The ability of a stent to withstand radial forces is known in the art as "hoop strength". The hoop strength of both the Wallsten and the Didcott stents is relatively low. The Wallsten stent provides an improvement in hoop strength over Didcott by virtue of the higher pitch angle (α>90). However, the higher pitch angle of the Wallsten stent renders the stent more difficult to place since substantial elongation is required to pull the stent down into a catheter introducer. Various designs have been advanced in efforts to increase stent hoop strength. These designs include the use of thicker wires, the use of more wires, and the use of paired wires. However, there are limitations to each of these designs. For example, if too many wires are used or if the wire diameter is too large, the stent will tend to demonstrate a taper on one end and a flare on the other end. This is detrimental to stent performance. Moreover, the use of numerous and/or thick wires often results in wire jamming when the stent is drawn down. This requires a larger introducer catheter which renders it more difficult to place in distal and tortuous vessels.

Apart from hoop strength, another problem with conventional stents is that the ends fray or become unbraided when they are cut. When this happens, it becomes difficult to load the stent into an introducer and it is possible for a stray wire end to penetrate the wall of the introducer. Similarly, an unbraided wire end can perforate the human vessel during or after placement.

Still another problem with the state of the art stents is that during normal use, even without cutting the stent, the ends of the stent tend to taper inward due to slippage of the wires and loss of braid structure. The tapered ends of a stent can perturb flow through the lumen of the stent and cause thrombosis. In addition, as the ends of an installed stent taper inward, the stent can become dislodged and may even be washed downstream through the vessel in which it was installed.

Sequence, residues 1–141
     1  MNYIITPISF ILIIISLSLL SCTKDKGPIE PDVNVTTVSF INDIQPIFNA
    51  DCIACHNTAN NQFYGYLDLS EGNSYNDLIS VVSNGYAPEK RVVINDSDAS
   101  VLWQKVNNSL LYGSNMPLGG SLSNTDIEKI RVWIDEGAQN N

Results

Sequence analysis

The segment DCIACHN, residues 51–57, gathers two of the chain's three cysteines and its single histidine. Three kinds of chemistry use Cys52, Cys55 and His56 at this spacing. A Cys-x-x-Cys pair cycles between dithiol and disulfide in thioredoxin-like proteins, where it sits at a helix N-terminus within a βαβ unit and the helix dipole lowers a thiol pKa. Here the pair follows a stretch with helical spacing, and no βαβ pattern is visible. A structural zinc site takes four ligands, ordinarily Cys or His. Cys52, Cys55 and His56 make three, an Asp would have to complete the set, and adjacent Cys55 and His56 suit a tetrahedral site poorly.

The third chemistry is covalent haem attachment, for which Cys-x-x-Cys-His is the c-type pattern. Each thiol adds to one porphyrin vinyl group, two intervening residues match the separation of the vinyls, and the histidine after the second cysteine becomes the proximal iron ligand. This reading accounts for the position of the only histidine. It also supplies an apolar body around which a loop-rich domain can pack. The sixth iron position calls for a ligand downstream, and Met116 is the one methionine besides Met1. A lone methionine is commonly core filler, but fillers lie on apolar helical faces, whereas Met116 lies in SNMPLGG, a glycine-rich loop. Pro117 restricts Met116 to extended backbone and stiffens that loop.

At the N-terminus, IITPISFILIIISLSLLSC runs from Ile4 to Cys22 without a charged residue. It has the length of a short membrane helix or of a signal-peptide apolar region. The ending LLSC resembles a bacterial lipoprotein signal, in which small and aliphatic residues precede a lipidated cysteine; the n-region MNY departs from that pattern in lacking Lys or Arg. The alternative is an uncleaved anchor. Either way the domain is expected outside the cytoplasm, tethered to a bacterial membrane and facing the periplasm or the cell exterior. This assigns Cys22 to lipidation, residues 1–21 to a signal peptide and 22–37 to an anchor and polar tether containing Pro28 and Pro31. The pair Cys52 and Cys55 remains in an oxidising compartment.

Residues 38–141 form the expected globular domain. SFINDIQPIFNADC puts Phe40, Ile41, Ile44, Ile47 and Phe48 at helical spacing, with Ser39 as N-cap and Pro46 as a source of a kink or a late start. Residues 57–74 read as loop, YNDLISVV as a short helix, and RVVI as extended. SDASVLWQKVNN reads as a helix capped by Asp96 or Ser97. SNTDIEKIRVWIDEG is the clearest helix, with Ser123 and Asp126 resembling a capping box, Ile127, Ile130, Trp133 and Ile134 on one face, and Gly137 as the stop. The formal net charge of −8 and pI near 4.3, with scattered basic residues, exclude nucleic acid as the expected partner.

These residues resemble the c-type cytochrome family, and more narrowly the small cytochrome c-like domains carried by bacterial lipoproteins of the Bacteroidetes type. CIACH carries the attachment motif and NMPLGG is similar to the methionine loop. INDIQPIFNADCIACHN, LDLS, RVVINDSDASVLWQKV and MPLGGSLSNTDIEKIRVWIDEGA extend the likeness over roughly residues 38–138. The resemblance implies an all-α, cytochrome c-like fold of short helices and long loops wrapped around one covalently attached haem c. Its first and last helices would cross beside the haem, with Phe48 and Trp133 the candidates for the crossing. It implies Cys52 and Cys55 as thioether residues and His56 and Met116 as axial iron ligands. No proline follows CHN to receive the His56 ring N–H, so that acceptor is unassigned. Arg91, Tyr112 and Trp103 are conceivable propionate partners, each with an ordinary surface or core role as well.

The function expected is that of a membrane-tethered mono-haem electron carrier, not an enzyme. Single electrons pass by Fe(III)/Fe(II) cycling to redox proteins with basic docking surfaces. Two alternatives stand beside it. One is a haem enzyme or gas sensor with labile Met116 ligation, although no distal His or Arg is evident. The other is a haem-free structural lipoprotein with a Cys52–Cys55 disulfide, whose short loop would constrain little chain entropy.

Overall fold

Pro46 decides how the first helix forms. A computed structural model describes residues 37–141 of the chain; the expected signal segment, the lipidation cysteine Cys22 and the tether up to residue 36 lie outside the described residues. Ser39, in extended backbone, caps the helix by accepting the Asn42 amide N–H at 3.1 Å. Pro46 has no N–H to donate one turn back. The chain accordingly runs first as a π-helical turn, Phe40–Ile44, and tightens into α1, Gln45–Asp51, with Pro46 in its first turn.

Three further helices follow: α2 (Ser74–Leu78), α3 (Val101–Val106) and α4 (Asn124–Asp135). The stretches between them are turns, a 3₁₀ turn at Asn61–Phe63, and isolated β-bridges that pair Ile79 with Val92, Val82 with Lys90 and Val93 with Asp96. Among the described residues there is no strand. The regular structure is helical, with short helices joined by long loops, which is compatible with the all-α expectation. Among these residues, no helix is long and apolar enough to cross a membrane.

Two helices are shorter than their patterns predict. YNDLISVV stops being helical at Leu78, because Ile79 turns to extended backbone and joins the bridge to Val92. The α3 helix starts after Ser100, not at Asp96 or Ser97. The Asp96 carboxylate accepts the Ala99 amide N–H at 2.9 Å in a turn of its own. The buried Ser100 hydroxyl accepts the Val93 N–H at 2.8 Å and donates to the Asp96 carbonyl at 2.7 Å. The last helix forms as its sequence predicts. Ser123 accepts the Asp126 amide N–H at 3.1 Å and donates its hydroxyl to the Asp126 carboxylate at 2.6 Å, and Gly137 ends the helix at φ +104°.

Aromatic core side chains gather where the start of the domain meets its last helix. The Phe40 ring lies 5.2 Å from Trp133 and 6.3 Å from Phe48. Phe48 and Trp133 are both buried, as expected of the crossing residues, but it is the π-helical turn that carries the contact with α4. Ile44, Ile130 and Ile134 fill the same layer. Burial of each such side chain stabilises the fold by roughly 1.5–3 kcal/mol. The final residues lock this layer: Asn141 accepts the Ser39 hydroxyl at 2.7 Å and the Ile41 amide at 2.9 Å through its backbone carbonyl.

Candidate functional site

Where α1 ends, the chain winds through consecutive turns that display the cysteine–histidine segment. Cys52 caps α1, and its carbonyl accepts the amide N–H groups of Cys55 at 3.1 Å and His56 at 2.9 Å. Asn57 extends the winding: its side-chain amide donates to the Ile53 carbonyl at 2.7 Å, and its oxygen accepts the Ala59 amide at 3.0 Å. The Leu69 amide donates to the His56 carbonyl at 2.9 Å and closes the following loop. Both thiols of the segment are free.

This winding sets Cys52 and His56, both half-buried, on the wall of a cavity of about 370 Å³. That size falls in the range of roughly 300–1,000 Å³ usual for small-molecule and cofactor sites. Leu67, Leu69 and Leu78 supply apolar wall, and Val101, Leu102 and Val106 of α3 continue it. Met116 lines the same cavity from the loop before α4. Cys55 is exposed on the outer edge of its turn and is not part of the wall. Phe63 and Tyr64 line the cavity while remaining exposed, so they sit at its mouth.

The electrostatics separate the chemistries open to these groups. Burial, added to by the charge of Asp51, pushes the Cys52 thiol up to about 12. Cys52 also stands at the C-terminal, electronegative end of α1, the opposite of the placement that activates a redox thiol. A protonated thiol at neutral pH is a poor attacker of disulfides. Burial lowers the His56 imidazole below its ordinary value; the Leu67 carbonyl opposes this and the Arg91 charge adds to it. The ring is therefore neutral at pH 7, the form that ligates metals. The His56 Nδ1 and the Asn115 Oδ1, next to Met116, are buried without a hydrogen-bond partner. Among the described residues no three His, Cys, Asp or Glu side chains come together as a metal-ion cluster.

Yet, another problem with conventional Didcott or Wallsten stents is illustrated in prior art FIG. 3. When a stent 10 of this type is deployed in a vessel 20 having a bend 22, the pitch angle of the wired is increased in the portion of the stent 10 which traverses the bend 22. Hence, the diameter of the stent 10 at the center of the bend 22 is larger than the diameter of the stent 10 at its ends 9, 11, as the center of the stent stretches the vessel at the bend. This tends to alter the hemodynamics of the vessel.

Still another problem associated with these aforementioned stents is that the stent will flex continuously with each bolus of blood passing through the stent. The flexion continues until the stent is totally ingrown with biological tissue. During flexion, the wires undergo a scissors-like activity at the crossover points which can irritate tissue and adversely affect patency, especially in small diameter vessels such as the coronary arteries. Moreover, the points where the wires cross over each other are subject to abrasion when the stent is flexed in the vasculature. Severe abrasion manifests as wear in the wires which can ultimately lead to premature breakage of the wire components.

Another kind of (non-braided) stent is disclosed in European Patent Publication No. 0312852 to Wiktor. A Wiktor-type stent 30 is shown in prior art FIG. 4 in conjunction with a balloon catheter 31. The stent 30 is made of a single strand of zig-zag filament 32 which is helically wrapped around a mandril. While the filament 32 does not necessarily cross over itself, adjacent zig-zags, e.g. 34, 36, touch each other or come close to touching each other. One of the disadvantages of the Wiktor-type stent is that the zig-zag wire tends to expand non-uniformly when expanded in an artery by a balloon catheter. In addition, the non-braided stent can unfurl during maneuvering the balloon catheter in the vasculature which can cause placement problems as well as damage to the endothelium. In addition, the hoop strength of the Wiktor-type stent is relatively low.